A computer-security expert who has discussed the OPM hack and its implications with U.S. government officials said he was deeply troubled that the people investigating the breach don’t seem to appreciate how a daisy chain of computer systems could allow hackers who compromised one agency to hop to another and steal more data there. Scattered Castles is used by the National Security Agency, the National Reconnaissance Office, and other highly secretive intelligence organizations.

“Based on my understanding of U.S. government databases and networks, as well as recent conversations with U.S. government officials, I have high confidence that the agencies do not have a clear understanding of the architecture of their systems and how they’re interconnected,” Michael Adams, who served more than two decades in the U.S. Special Operations Command, told The Daily Beast. “I further believe that the U.S. government either doesn’t understand or is obfuscating the national-security implications of this cyberattack. These people either need serious help or need to come clean now.”

U.S. officials have already said that Social Security numbers and other personal information on as many as 18 million employees and contractors were compromised in the OPM hack. And the agency’s chief information officer confirmed that details about government employees’ sex lives, drug habits, and financial problems also may have been stolen.

But so far, there has been no official confirmation that active-duty or former intelligence-agency employees were among those affected by the hack. The Scattered Castles system contains their personal information, which could be used to reveal covert operatives’ real names. The system also contains a list of employees with access to so-called sensitive compartmented information, which can divulge intelligence sources and collection methods.

U.S. officials wouldn’t comment on the apparent data links that were set up between the hacked OPM system and Scattered Castles. The 2014 report said that by this year, the links would allow Scattered Castles to “contain active security-clearance records from all federal agencies.” It also noted that “OPM continues to partner with the [intelligence community] to explore cross-domain interface technology and various alternative solutions for enhanced… information sharing for agencies that use unclassified systems.” In other words, more links.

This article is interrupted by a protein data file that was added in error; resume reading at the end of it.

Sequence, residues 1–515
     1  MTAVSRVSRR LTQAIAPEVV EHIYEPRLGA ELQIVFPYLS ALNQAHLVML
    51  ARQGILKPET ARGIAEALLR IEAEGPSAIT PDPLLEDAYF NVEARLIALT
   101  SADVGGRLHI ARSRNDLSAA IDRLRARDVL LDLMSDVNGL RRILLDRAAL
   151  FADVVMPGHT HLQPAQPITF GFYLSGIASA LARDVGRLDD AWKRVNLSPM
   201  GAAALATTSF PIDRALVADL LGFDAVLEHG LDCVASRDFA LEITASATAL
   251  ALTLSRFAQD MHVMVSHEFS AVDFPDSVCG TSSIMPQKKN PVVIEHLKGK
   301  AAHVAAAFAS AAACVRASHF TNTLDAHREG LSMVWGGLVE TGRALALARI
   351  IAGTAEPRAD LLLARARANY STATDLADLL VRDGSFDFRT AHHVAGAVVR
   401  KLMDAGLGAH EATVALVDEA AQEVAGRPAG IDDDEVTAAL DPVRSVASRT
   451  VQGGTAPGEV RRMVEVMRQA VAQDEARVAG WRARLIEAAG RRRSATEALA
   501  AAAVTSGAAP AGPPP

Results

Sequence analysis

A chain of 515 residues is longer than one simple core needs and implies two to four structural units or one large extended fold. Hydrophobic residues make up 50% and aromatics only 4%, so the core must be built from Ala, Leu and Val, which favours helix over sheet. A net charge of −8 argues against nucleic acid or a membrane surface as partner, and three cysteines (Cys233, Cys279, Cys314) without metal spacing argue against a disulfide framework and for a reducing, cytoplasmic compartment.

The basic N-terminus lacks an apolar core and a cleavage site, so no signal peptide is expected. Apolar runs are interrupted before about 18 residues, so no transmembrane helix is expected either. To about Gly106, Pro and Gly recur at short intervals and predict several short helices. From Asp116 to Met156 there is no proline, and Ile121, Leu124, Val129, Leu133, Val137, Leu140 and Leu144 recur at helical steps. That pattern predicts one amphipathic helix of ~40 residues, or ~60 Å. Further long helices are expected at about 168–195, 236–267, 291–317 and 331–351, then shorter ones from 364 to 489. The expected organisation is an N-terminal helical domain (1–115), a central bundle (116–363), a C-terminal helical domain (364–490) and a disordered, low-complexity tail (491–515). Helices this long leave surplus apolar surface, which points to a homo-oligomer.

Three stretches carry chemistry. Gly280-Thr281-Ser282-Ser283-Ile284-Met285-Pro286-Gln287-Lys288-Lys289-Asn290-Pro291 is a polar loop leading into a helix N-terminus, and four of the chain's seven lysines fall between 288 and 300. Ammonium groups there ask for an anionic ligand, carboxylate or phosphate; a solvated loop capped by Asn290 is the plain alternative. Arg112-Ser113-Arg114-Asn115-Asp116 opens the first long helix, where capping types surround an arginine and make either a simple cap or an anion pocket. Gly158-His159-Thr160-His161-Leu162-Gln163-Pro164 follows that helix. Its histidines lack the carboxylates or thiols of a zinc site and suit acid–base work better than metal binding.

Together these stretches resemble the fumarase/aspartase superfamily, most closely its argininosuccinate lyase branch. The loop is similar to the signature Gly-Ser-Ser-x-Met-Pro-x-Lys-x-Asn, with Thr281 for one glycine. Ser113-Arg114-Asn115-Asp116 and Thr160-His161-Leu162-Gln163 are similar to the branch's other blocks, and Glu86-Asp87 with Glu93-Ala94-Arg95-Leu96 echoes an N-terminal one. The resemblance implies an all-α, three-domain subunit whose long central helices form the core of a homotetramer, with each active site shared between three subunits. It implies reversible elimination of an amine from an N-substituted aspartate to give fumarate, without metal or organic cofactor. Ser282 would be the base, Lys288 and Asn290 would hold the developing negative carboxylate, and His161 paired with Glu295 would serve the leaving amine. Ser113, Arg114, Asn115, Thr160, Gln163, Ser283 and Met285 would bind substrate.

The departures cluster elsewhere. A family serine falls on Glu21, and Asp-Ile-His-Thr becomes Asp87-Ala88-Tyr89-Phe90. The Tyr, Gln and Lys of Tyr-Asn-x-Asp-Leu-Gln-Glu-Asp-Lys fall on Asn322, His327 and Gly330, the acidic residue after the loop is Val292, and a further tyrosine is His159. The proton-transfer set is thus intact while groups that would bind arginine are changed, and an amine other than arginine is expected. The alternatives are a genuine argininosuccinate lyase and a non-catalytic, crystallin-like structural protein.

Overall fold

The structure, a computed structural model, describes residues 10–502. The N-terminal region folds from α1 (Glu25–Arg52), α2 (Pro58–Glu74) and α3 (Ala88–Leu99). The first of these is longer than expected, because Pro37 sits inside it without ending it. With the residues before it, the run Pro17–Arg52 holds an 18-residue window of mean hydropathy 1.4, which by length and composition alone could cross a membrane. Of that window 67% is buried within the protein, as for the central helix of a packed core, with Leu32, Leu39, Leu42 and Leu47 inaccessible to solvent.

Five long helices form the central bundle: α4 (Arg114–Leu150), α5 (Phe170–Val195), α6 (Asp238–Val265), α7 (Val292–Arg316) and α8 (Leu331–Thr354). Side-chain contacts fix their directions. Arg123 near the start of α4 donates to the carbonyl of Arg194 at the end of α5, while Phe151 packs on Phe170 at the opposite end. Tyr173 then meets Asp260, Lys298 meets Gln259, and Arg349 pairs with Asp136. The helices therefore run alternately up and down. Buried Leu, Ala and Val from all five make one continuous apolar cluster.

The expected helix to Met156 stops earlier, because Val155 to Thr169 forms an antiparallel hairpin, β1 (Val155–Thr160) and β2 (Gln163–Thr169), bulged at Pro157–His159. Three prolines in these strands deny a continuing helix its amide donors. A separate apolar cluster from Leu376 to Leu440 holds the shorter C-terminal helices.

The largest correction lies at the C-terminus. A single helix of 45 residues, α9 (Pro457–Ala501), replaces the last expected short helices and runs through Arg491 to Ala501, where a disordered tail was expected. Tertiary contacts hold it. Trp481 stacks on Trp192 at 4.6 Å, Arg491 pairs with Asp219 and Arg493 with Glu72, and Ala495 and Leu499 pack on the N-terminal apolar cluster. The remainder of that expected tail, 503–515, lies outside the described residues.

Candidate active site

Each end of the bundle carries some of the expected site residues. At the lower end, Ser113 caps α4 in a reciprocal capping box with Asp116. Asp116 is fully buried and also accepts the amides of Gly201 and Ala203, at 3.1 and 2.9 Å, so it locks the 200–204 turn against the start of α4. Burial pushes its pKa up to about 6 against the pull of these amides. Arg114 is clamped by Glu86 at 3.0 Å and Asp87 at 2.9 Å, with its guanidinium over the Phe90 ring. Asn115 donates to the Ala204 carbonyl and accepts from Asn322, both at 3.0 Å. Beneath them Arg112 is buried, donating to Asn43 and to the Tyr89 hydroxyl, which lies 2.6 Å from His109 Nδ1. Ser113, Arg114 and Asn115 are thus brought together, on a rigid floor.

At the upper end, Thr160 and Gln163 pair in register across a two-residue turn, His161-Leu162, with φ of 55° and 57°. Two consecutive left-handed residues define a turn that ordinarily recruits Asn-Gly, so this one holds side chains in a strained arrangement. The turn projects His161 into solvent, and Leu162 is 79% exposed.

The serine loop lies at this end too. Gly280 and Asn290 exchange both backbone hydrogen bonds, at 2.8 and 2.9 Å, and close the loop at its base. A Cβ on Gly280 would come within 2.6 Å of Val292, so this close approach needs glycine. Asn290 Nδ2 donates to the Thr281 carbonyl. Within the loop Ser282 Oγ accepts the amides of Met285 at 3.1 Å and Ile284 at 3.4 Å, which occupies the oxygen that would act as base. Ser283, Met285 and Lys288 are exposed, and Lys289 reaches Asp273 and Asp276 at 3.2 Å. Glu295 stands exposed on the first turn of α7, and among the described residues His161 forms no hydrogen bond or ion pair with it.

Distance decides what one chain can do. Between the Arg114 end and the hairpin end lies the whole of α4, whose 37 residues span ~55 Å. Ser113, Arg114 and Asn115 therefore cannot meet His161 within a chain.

That was good news for the goal of speeding up and better managing the cumbersome security-clearance process. But it’s not clear how officials intended to do that and keep intelligence personnel records secure. Nor is there any indication in the report that the security concerns of just three years earlier had been addressed or resolved.

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While the U.S. official said the OPM hack hadn’t affected the intelligence community’s records, it was clear Monday that new vulnerabilities are still being discovered that could pose future threats.

OPM’s embattled director, Katherine Archuleta, said in a statement that the agency had discovered a security hole in the so-called e-QIP system, a Web-based platform used for filling out and submitting background investigation forms. The agency found no indication that the vulnerability had been exploited, the statement said, but OPM took the drastic step of pulling the entire system offline, potentially for as much as six weeks, while the vulnerability is fixed.

An OPM spokesman didn’t elaborate on the nature of the vulnerability or when it was discovered. He also didn’t specify if the flaw was in the Web platform itself, and whether it could have posed a risk to anyone who used it. Websites loaded with viruses and spyware can implant them on unwitting users’ computers.

Dmitri Alperovitch, a co-founder of cybersecurity firm CrowdStrike, told The Daily Beast that the OPM hack shows how government agencies must stop reacting to attacks after they’ve occurred and start “hunting” for threats in their computer networks. “You have to go looking for the adversary,” he said.